books to the town library building, and allow the people of the 
town to use them upon the same conditions as the books of 
the town hbrary are used. There were over 1,000 books in the 
Ladies' Library. Mr. Brown offered to provide cases for the 
books which were taken to the library building soon after. The 
ownership of the Ladies' Library is to remain with the original 
proprietors and can be removed if the conditions are not satis- 
factory to them. 

What books remain of those given by Rev. Dr. Langdon are 
now in a case by themselves, and number about one hundred. 
Some undoubtedly have been lost. They were probably valuable 
and standard works at the time they were given, but not of as 
much interest at the present time. The majority of them are in 
Latin. They are a curiosity and should be carefully preserved 
as a memorial of the giver. 

For more than twenty years Mrs. Sadie E. Janvrin has been 
the faithful and efficient librarian. 

By the first order from the Navy Department for guns to be 
placed about the Weare monument on the common we were to 
receive them from the Navy Yard at Portsmouth, but, owing to 
the difficulty and danger of getting them over the bridge, objec- 
tion was made by the Government, and the order was changed 
and we received four guns from the Charlestown Navy Yard. 
The Boston and Maine Railroad transported them free to Hamp- 
ton Falls. The original order of the Government making the 
change is here appended: 

Washington, D. C., August 14, 1897. 

Referring to your letter of July 21, 1897, enclosing letter from 
Mr. Warren Brown in regard to obtaining guns from the Boston 
Navy Yard instead of from the Portsmouth Navy Yard: 

1. The Bureau has cancelled the order on the Portsmouth 


Navy Yard for the three (3) 100-pdr. guns, and has substituted 
the following: 

From the Boston Navy Yard. 
Four (4) 32-pdr. guns, of 4500 lbs. each, with mounts, and 
Two hundred and twenty (220) Xl-inch projectiles. 

2. These will be issued to the order of the Selectmen of Hamp- 
ton Falls, N. H., and must be removed without expense to the 


Sam'l K. Behrend, 
Actg. Chief of Bureau of Ordn. 
Hon. W. E. Chandler, 

U. S. Senate, Washington, D. C. 


The records of the town show that generally there have been 
some persons who by want of capacity, misfortune or by their 
own actions, have been reduced to poverty and have become 
dependent upon the town for support. This was a condition 
much more common in the earlier history of the town than at 
present. Such people were looked upon with disfavor and, being 
paupers, no matter how their conditions had been brought about, 
they were not supposed to have any rights that anyone was 
bound to respect. The burden for the support of such persons 
was made as little as possible. It was the custom in early times 
to dispose of town charges at auction to the lowest bidder at the 
annual town meeting. There was no guarantee that any extra 
oare or attention would be given to the persons thus disposed of.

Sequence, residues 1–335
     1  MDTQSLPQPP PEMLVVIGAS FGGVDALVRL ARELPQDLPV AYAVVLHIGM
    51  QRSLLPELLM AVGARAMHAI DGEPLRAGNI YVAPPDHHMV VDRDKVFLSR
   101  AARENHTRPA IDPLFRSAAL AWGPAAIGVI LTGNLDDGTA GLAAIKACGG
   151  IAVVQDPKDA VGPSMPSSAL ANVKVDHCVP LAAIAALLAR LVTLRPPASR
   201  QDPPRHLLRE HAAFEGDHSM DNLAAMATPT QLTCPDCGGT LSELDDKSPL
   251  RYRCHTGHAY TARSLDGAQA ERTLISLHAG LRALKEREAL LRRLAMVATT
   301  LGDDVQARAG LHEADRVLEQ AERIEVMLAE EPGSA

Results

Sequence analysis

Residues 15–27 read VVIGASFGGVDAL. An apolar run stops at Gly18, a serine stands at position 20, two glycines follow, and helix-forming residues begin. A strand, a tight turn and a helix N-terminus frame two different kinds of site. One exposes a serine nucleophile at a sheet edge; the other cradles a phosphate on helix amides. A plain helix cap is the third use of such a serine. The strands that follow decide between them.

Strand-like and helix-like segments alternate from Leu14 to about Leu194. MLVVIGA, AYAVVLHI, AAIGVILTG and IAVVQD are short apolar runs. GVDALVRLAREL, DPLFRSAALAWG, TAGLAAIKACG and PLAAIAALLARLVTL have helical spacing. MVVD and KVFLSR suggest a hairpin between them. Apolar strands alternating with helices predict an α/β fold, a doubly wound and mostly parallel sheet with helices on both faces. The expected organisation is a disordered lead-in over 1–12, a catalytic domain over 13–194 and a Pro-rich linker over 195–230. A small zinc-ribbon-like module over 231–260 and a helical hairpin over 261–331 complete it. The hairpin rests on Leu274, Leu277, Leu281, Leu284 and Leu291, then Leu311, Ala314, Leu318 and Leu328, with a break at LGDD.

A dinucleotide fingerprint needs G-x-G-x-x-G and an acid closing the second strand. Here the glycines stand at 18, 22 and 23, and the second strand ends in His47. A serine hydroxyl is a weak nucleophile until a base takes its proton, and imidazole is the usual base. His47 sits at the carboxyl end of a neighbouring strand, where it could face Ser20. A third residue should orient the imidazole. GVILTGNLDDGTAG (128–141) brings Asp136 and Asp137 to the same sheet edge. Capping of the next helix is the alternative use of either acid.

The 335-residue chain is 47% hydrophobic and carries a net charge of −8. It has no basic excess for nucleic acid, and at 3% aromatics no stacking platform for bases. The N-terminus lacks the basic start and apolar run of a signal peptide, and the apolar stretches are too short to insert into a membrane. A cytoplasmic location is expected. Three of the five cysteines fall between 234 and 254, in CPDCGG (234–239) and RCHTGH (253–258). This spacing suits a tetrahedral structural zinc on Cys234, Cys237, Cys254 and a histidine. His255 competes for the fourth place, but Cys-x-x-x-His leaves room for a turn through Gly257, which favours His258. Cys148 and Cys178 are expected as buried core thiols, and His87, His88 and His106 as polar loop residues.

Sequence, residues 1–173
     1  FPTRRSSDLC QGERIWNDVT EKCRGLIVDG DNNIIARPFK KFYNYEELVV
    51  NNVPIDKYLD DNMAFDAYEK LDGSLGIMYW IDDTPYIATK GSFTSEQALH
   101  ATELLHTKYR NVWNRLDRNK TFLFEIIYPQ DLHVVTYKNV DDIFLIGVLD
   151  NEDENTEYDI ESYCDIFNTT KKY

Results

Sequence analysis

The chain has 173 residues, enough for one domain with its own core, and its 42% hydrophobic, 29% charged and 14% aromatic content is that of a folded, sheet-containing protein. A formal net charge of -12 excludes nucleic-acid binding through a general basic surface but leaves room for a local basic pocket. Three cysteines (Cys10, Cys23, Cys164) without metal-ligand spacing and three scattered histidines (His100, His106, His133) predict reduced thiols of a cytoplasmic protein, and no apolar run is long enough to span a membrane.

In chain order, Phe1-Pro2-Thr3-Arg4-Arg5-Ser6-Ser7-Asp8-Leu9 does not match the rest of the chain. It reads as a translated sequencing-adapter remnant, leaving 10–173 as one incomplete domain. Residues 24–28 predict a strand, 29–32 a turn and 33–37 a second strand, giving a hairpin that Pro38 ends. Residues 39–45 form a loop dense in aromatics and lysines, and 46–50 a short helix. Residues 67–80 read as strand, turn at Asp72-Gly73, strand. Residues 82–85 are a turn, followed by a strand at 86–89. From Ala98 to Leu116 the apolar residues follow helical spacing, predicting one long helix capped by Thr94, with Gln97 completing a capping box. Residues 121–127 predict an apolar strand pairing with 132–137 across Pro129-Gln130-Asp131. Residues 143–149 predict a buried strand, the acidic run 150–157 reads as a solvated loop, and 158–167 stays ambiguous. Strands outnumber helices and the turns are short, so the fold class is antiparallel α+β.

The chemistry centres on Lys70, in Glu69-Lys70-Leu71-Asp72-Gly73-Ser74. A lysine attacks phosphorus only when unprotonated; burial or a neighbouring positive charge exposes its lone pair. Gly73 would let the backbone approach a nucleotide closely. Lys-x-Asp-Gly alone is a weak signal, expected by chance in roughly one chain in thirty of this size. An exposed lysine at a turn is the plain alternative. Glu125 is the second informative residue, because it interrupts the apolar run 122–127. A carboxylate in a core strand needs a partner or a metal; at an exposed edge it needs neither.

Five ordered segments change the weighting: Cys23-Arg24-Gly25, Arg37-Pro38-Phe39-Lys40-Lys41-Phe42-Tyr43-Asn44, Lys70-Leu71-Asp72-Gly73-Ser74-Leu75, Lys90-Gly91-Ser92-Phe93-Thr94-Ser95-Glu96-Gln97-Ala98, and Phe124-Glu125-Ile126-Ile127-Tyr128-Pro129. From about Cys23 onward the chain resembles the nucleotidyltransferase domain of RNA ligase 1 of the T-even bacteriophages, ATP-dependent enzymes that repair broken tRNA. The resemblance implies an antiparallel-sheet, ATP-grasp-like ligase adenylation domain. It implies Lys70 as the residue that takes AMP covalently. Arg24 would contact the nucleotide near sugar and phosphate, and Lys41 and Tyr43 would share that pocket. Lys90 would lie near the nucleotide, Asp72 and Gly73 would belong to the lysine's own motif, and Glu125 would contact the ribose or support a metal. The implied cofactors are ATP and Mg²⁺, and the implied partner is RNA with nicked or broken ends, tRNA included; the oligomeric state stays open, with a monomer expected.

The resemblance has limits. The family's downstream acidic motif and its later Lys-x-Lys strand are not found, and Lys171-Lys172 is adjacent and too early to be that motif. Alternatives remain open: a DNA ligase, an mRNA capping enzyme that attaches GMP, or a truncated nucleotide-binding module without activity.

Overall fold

This practice, once common, seems to have been discontinued 
here before 1800. It was practiced in many towns until a com- 
paratively recent period. Many persons who were dependent 
upon the town for a part or the whole of their support at that 
time would, at the present time, be able to gain their own liveli- 
hood, as there are now so many more means of employment and 
ways of earning money. This is especially true of in-door help 
which is now scarce and hard to obtain. Many of the women 
who appear upon the record as receiving help from the town 
could now obtain employment at good wages and be independent 
of charity. 

There were some who had a little property but from want of 
judgment and calculation were in danger of loosing it, and thus 
they would be in danger of becoming town charges. Such people 
were often placed under guardianship or the selectmen took 
charge of their affairs and used the proceeds and income for their 
support, and in this way prevented them from becoming an 
expense to the town. 

About 1750 Abigail and Rebecca Worthen, who were considered 
non compos mentis, had a little property which was appraised 
and taken in charge by the selectmen and used for their support; 
items appear upon the record book for a number of years after, 


but no evidence that they were any expense to the town. Had 
this precaution not been taken their Uttle property would prob- 
ably have been wasted and they would have been dependent upon 
the town for support. We have no knowledge of where they 
lived or anything in relation to them except what appears upon 
the record. 

In 1756 we find a charge of one pound four shillings for four 
pairs of gloves furnished the bearers at the funeral of Widow 
Hannah Cooper. It was a custom in those times for the family 
bereaved to present each of the bearers with a pair of gloves. 
We have no means of knowing why this respect was shown Mrs. 
Cooper as she had been supported by the town for several years. 
Either her connections or character were such as to command the 
respect of the community, or this would not have been done. 
There is no means of knowing who she was or why she was so 
unfortunate as to have had assistance from the town. The name 
of Cooper does not appear upon our record among the inhabi- 
tants of the town. 

Abigail Crosby is another name which appears for many years 
before 1790. Items for her support and clothing appear fre- 
quently upon the record. On April 17, 1771, she was sold for 
one year to Nathan Rowe for ten shillings lawful money. Ben- 
jamin Leavitt afterward took her at the same price. She appears 
to have lived in Mr. Leavitt's family for a considerable time.